A Fine 'jun' sky-blue narcissus bowl, Early Ming dynasty

Lot 100. A Fine 'jun' sky-blue narcissus bowl, Early Ming dynasty; diameter 7 7/8 in., 20 cmEstimate USD 300,000 — 400,000. Lot sold USD 825,000© Sotheby's

of shallow circular form with curved sides, the exterior molded with a raised band featuring evenly spaced drum-nail bosses below the rounded rim, another row of bosses near the foot, all supported by three boldly scrolling ruyi-head bracket feet, covered in a lustrous sky-blue glaze exhibiting a network of 'worm trails', the edge of the rim, the bosses and the base in a mushroom tone, the underside incised si ('four') surrounded by a ring of spur marks, fitted carved wood stand (2).

Provenance: Christie's Hong Kong, 25th October 1993, lot 705. 

Note: 'Jun' ware derives its beauty from the striking and thick opaque glaze of varied bright blue coloration that becomes almost translucent around the rim and the edges of the vessel, where the glaze thins significantly. Although 'Jun' wares are known as one of the five 'classic wares' of the Song period, mold-made flower vessels, such as the present narcissus bowl, are now overwhelmingly attributed both by Chinese and Western scholars to the types made at Yuzhou, Henan province, an area formerly known as Junzhou, from the Jin (1115-1234), Yuan (1279-1368) or the Ming period onwards. Regina Krahl in Chinese Ceramics from the Meiyintang Collection, vol. Three (II), London, 2006, p. 456, notes that 'Jun' is not mentioned in any pre-Ming text, and although it was later ranked among the five 'classic wares' of the Song, the exact identity of Song 'Jun' is still a matter of debate. It was a ware that seems to have appealed particularly to the elite from the Jin Dynasty onwards, when some of the most spectacular and complex pieces were being made.

The present narcissus bowl is possibly one of the finest examples of 'Jun' vessels of this type. It is covered with an especially thick and rich opaque blue glaze of striking blue coloration that characteristically pools forming a prominent edge below the 'drum-nail' bosses around the rim and the base. Although the glaze is of an unusually rich texture it is expertly applied to expose the molded decoration.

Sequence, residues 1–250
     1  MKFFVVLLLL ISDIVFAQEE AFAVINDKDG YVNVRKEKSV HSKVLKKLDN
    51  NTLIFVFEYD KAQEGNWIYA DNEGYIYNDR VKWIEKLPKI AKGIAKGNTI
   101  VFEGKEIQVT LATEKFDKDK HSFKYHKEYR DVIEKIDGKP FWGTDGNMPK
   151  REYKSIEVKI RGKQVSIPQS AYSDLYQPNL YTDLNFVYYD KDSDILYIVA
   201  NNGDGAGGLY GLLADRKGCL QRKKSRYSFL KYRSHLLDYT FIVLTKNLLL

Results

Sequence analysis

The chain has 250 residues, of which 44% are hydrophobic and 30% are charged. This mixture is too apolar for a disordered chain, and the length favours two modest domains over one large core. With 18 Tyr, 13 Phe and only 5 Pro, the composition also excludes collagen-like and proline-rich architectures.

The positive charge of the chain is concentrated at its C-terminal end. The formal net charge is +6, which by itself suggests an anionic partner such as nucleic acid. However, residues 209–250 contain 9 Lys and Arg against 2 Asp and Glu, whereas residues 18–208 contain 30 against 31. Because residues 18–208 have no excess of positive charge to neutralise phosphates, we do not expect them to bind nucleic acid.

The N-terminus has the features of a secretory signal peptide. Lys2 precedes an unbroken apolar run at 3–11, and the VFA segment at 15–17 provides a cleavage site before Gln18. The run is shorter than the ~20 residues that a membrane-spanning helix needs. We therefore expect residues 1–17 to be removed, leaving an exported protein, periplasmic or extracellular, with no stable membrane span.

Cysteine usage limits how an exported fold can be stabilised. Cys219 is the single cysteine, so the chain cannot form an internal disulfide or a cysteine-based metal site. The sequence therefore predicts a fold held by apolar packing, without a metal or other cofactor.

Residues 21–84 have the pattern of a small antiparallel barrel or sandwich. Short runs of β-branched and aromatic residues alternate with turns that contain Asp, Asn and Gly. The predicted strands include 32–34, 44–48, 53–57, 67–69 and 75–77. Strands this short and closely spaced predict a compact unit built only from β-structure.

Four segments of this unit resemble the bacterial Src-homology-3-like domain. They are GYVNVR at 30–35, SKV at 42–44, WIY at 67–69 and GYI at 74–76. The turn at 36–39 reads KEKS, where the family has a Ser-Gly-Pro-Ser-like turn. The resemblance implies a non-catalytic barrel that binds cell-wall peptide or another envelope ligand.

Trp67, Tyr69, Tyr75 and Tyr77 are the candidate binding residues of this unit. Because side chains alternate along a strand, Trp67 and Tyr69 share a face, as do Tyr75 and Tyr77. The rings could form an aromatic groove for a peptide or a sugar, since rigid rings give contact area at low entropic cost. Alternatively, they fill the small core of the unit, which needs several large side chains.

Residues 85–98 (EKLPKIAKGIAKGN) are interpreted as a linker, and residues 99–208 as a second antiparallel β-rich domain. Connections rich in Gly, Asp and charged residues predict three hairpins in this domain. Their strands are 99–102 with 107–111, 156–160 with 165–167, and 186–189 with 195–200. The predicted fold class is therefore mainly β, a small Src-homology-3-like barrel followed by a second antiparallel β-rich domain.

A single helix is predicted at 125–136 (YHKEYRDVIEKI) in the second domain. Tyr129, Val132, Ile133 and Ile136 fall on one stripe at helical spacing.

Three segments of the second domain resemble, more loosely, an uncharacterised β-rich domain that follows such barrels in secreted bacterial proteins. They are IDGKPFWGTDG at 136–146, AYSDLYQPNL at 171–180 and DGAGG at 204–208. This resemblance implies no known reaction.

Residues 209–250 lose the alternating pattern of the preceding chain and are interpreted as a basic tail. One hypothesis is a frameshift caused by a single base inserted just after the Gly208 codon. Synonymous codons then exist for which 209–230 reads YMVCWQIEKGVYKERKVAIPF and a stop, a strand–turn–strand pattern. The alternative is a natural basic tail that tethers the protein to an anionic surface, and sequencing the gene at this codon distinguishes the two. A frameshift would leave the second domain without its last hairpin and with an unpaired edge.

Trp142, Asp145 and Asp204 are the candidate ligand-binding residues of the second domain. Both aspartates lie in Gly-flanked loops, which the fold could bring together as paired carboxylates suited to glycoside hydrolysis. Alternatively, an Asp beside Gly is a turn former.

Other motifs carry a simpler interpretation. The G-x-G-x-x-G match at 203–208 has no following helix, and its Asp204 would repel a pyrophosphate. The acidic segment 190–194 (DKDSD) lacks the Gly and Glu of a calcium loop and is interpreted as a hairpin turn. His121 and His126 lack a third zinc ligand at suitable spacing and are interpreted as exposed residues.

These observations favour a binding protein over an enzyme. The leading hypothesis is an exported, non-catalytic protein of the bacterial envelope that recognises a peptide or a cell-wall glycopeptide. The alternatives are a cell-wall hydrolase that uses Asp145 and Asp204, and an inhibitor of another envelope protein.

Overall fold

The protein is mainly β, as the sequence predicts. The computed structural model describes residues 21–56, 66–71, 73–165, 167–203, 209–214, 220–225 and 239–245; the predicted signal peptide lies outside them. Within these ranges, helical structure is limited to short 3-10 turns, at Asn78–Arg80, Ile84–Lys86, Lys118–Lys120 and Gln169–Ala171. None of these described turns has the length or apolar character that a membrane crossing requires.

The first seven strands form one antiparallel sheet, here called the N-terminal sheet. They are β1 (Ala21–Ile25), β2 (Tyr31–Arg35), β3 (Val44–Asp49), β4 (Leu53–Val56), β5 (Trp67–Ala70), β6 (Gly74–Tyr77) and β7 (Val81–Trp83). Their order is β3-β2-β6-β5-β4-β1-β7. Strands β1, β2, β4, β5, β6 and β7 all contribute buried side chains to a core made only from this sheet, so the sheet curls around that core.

Mold-made vessels of this type are frequently identified with numbers from one to ten on the base. The significance of the numbers inscribed on the vessels remains an enigma. The numbers coincide roughly with different sizes, yi ('one') being the largest and shi ('ten') the smallest version of the shape. This would help to match sets of flower pots and their stands but does not explain the appearance of numbers on the base of vases and bulb bowls, as seen on the present bowl, which generally come on their own. For further information see George J Lee, 'Numbered Chun Ware', Transactions of the Oriental Ceramic Society, vol. 21, 1945-46, p. 61, where five 'numbered Jun' vessels from the collection of Ernest B. and Helen Pratt Dane, possibly one of the most important collectors of 'numbered Jun' wares outside China, and now in the Harvard University Art Museums, Cambridge, Mass., are recorded.

Bulb bowls of this form, with the same numeral on the base, are included in the Illustrated Catalogue of Sung Dynasty Porcelain in the National Palace Museum: Ju Ware, Kuan ware, Chun Ware, Tokyo, 1973, pls. 64-66, both with purple splashes added to the glaze; and two blue-glazed examples inscribed with the numeral yi ('one') are illustrated ibid., pls. 65 and 67, the latter with the so-called 'moon-white' glaze. A blue-glazed bulb bowl with the numeral si ('four'), from the Reach Family Collection and the collection of Dr. W. Kilgenberg, Bonn, was included in the exhibition Chinese Art from the Reach Family Collection, Eskenazi, London, 1989, cat.no. 24, and sold in our Hong Kong rooms, 2nd May 2000, lot 590; and one from the collections of Harcourt Jonhstone and Enid and Brodie Lodge was sold in our London rooms in 1940 and 1972 and again in our Hong Kong rooms, 30th April 1996, lot 306.    

A further larger blue-glazed example can be found in the Idemitsu collection, Tokyo, illustrated in Chinese Ceramics in the Idemitsu Collection, Tokyo, 1987, pl. 104; and fragments of what appears to be a slightly smaller vessel is included in the National Museum of History publication The Ancient Kilns of Henan Province, Taipei, 2002, p. 196. Compare also a slightly larger bowl, from the T.Y. Chao collection, sold in our Hong Kong rooms, 19th May 1987, lot 210; and a much smaller vessel inscribed with the numeral jiu ('nine') but covered with a closely related brilliant blue glaze, from the J.M. Hu Family collection, sold in these rooms, 26th March 1996, lot 154.

Sotheby'sFine Chinese Ceramics And Works Of Art, New York, 18 March 2008